When the absolute repulse of the enemy was manifest, and General Brown observed great numbers of stragglers in all directions from the broken regiments, he ordered the new commander to fall back with the troops to Chippewa, there reorganize the shattered battalions, give them a little rest and refreshments, and return to the field of conflict by daydawn, so as to secure the fruits of victory by holding the ground and securing the captured cannon, which, on account of a lack of horses, harness, or drag-ropes, could not he removed at once. Ripley had not moved from Chippewa when the day dawned, and Brown, disappointed and angered by his tardiness, ordered his own staff to go to the commanders of corps and direct them to be promptly prepared to march. It was sunrise before the army crossed the Chippewa, and they were halted by Ripley at the Bridgewater Mills, a mile from the battle-ground, where he was informed that the enemy was again in possession of the heights of Lundy’s Lane and his cannon, had been re-enforced, and was too strong to be attacked by a less force than the entire army of the Niagara with any promise of success. With this information Ripley returned to head-quarters. The commanding general was irritated. He resolved not to trust the brigadier with the command of the army any longer than necessity required; and he dispatched a courier to Sackett’s Harbor with an order for General Gaines to come and take the temporary leadership of the Niagara forces. 13 Ripley’s delay had doubtless deprived the Americans of all the substantial advantages of victory, for the enemy was allowed to return, reoccupy the field of battle, and retake the captured cannon, excepting one beautiful brass 6-pounder, which was presented to Colonel Miller’s regiment on the spot. This they bore away with them as a precious trophy of their prowess. The remainder were retaken by the British a few hours afterward. 14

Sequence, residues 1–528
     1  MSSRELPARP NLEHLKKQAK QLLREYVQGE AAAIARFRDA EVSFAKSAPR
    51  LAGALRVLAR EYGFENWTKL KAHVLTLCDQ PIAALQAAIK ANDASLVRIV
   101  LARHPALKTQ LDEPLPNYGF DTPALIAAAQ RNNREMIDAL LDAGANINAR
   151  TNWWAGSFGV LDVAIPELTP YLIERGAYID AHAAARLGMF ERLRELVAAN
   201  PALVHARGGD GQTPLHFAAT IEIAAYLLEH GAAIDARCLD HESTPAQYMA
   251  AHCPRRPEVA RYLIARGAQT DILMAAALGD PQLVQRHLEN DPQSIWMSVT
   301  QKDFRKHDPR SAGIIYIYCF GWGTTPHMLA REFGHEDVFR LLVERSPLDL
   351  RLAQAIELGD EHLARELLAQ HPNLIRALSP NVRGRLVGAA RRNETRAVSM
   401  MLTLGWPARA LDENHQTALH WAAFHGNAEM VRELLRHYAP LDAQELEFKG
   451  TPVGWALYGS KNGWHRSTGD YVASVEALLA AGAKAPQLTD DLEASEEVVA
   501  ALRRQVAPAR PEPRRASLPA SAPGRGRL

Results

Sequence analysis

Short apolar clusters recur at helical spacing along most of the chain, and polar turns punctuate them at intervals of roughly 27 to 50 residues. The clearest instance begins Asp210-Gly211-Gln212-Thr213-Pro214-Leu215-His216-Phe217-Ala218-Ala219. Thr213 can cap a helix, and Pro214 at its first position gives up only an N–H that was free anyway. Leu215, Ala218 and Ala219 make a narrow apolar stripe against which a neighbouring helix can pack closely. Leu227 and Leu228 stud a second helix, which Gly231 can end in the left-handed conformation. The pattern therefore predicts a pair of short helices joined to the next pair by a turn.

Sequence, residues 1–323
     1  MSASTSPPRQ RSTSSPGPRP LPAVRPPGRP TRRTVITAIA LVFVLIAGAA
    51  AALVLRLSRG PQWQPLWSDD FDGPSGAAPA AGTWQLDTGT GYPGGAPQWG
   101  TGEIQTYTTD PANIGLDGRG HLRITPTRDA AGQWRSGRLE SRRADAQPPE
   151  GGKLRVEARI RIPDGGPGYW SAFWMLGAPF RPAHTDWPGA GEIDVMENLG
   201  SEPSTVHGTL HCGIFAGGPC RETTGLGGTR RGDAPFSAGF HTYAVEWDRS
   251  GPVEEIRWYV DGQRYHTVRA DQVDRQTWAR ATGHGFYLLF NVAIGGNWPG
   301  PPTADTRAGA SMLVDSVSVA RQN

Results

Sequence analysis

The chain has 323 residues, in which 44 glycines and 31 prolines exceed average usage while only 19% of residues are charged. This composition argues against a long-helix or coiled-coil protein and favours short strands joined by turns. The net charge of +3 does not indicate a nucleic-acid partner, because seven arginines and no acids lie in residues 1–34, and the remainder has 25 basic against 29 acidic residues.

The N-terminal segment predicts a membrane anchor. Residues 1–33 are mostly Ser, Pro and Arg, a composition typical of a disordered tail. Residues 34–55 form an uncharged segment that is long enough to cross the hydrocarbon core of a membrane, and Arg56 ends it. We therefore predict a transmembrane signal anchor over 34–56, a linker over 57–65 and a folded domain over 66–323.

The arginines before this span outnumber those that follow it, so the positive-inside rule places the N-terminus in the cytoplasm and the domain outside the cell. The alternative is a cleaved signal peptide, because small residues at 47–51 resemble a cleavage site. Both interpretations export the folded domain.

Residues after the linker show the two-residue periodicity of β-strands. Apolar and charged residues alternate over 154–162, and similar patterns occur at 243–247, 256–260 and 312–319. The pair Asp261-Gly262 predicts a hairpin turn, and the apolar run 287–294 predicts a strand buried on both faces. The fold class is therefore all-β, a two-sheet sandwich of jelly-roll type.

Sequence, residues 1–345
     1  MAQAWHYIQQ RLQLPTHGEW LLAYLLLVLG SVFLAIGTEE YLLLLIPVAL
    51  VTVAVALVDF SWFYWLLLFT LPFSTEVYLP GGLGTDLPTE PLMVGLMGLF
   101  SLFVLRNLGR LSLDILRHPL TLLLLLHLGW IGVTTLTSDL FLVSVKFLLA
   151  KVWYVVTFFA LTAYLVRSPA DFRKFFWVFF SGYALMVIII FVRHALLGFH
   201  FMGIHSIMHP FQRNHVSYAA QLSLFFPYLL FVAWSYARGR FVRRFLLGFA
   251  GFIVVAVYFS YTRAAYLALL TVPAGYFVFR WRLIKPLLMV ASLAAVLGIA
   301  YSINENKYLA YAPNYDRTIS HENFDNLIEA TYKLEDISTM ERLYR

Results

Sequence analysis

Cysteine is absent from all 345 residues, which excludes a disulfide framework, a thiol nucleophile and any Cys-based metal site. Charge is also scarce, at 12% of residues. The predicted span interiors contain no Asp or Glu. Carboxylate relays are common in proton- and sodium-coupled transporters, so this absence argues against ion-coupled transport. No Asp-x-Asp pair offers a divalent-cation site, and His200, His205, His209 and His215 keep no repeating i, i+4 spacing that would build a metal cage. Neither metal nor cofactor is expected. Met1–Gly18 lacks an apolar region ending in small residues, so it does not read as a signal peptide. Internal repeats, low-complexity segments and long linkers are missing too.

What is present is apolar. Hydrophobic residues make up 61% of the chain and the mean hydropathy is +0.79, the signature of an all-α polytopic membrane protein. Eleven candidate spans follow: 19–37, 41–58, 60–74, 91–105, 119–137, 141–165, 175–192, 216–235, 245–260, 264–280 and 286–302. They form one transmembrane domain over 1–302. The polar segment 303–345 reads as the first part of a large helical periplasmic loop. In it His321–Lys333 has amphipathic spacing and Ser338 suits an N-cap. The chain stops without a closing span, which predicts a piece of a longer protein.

Thus ended the sanguinary BATTLE OF NIAGARA FALLS, sometimes called Lundy’s Lane, and sometimes Bridgewater. 15 It has few parallels in history in its wealth of gallant deeds. It was fought wholly in the shadows of a summer evening between sunset and midnight. To the eye and ear of a distant spectator it must have been a sublime experience. Above was a serene sky, a placid moon in its wane, and innumerable stars – a vision of Beauty and Peace; below was the sulphurous smoke of battle, like a dense thunder-cloud on the horizon, out of which came the quick flashes of lightning and the bellowing of the echoes of its voice – a vision of Horror and Strife. Musket, rocket, and cannon cracking, hissing, and booming; and the clash of sabre and bayonet, with the cries of human voices, made a horrid din that commingled with the awful, solemn roar of the great cataract hard by, whose muffled thunder-tones rolled on, on, forever, in infinite grandeur when the puny drum had ceased to beat, and silence had settled upon the field of carnage. There the dead were buried, and the mighty diapason of the flood was their requiem.